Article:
This is the main line of the variation. Cori chose 7...e7, a worthy alternative to the main line 7...a6 and 7...cxd4.

 

This is a variation from 12.♕f2. Can you find why 13...f6? is a mistake?

 

Somehow Black's early middlegame play wasn't entirely convincing. After 16.f5! Leko won a pawn by force, and it looked as if Black's attack wasn't that serious.

 

We can now see Leko's idea.

 

The only mistake Leko made in the game — can you find why 26.c3? loses White his advantage?

 

Cori missed his chance and White is now winning, as Black has no compensation for the two missing pawns.

 

37.b4! was amazing judgement from Leko in time trouble. He realised that the endgame that arises by force in a few moves is easily winning for White. What more — the all-powerful engines take a lot of time to appreciate his idea!

 

White's pawns are too fast, and Leko won in a few more moves.

 

Peter has played very confident chess the entire event | Photo : Simon Bohnenblust / Biel Chess Festival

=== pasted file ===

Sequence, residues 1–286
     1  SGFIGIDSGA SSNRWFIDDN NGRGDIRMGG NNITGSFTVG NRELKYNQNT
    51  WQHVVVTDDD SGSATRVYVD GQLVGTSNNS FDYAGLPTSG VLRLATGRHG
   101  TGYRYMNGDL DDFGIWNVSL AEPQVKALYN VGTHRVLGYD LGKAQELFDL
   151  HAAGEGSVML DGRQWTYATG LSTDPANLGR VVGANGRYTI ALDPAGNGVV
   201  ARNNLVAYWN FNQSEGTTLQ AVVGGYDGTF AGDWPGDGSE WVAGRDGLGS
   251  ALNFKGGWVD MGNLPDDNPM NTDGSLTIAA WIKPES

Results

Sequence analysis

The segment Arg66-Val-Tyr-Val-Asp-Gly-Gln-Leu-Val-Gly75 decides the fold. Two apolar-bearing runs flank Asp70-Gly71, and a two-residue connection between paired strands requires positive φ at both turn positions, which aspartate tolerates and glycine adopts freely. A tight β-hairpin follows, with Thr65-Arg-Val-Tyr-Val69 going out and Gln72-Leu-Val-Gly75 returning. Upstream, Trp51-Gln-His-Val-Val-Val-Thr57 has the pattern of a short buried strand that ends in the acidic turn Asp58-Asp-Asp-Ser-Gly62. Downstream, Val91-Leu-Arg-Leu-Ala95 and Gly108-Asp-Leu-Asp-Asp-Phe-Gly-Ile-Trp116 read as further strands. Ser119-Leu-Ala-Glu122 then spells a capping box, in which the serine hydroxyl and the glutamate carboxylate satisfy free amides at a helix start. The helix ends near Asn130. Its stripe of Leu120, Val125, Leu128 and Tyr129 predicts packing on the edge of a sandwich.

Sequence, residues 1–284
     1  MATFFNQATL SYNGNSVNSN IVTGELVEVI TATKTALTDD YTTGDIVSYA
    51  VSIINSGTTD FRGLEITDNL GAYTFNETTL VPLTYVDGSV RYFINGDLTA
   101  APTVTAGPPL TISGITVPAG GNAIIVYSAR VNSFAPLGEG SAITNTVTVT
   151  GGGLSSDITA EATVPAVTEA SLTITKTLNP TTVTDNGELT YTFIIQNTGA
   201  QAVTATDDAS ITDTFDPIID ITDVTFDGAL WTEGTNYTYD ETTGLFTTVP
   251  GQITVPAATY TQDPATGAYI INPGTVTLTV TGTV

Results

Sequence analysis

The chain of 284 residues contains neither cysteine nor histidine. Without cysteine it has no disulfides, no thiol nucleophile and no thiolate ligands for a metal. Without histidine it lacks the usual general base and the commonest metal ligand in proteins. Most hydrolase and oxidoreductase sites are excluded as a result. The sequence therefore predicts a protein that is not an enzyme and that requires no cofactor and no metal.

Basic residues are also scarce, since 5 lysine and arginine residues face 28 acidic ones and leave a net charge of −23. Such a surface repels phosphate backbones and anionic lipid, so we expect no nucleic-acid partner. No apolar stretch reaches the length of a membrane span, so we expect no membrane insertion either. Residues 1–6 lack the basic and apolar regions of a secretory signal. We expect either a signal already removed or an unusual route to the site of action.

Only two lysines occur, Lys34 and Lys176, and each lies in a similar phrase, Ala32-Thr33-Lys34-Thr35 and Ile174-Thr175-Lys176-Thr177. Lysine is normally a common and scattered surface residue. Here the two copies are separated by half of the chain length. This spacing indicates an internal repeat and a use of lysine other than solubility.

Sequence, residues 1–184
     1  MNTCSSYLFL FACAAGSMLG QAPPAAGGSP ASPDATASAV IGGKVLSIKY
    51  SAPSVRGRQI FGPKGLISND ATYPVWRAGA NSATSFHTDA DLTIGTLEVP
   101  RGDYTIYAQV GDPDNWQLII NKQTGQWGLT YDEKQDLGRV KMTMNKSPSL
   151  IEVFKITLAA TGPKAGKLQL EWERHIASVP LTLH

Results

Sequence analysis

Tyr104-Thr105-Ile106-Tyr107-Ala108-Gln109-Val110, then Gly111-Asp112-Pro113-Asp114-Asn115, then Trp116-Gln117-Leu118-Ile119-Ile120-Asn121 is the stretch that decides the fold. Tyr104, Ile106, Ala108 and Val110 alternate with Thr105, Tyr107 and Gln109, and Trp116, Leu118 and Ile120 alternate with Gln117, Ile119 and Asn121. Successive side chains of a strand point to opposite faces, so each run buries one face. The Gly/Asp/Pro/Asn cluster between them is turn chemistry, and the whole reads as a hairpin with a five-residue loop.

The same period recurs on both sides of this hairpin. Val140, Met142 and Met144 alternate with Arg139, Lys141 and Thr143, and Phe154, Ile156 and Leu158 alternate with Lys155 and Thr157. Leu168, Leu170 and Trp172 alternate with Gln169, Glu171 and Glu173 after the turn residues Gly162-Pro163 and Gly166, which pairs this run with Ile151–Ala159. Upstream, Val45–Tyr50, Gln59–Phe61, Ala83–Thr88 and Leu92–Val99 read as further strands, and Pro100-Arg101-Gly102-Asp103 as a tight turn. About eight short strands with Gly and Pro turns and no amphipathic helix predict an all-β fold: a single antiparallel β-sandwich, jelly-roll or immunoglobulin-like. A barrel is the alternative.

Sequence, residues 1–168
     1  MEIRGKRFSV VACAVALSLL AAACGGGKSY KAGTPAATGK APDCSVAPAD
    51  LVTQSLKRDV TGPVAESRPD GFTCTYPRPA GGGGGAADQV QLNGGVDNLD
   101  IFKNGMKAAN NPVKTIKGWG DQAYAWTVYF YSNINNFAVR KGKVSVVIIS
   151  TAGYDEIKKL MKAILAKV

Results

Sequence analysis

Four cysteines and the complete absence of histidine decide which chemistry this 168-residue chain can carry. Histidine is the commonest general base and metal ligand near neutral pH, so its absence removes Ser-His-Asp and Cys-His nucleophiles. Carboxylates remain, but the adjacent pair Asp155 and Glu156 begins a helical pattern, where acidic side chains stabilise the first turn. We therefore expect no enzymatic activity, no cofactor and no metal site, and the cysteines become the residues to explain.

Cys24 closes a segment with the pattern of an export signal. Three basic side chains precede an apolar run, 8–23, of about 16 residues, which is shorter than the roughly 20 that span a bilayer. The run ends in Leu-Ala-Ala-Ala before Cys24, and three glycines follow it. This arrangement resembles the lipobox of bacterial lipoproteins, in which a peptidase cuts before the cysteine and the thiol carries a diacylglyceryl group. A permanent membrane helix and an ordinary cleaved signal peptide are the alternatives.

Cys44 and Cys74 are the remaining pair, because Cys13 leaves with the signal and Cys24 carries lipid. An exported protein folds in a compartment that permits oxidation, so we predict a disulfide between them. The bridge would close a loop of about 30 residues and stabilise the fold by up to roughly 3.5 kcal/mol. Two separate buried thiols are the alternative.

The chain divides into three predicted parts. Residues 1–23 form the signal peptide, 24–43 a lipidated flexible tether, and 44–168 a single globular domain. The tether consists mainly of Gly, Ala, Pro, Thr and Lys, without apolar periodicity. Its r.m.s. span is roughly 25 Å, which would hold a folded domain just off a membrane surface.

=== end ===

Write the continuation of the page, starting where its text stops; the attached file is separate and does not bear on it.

Bogner ½-½ Shankland

When top players want to play for the win, they choose the Gruenfeld against 1.d4. While the opening is universally accepted as one of the soundest ways to get unbalanced positions, recent trends seem to favour White, and Bogner managed to outplay Shankland before peacefully exchanging queens, missing out on a wonderful pseudo queen sacrifice:

 

Bogner took on g7 and the players traded down to a dead drawn rook endgame. Instead, 34.Qe7!! was much better, keeping Black all tied up. Taking the queen loses due to the weak back rank, and after the relatively best 34...Na5 35.h4! h5 36.Qg5 Black is close to lost - it is very hard for him to move.

 

Shankland couldn't win today, but he will be happy he didn't get punished for over-pressing | Photo: Simon Bohnenblust / Biel Chess Festival

Vidit ½-½ Abdusattorov

Vidit chose the Catalan today, and while he got a slight advantage, it was never enough to play for a win. With Shankland struggling in his game, Vidit simplified into a drawn endgame, and split the point on move 41: 

Both players didn't shy away from a battle | Photo : Simon Bohnenblust / Biel Chess Festival

 

Vidit took the game into a risk free endgame where only White can continue to press. He didn't get far enough, and pragmatically decided to split the point and ensure tournament victory.

 

Calm, composed and focused — the new Biel Champion! | Photo: Simon Bohnenblust / Biel Chess Festival

Georgiadis ½-½ Maghsoodloo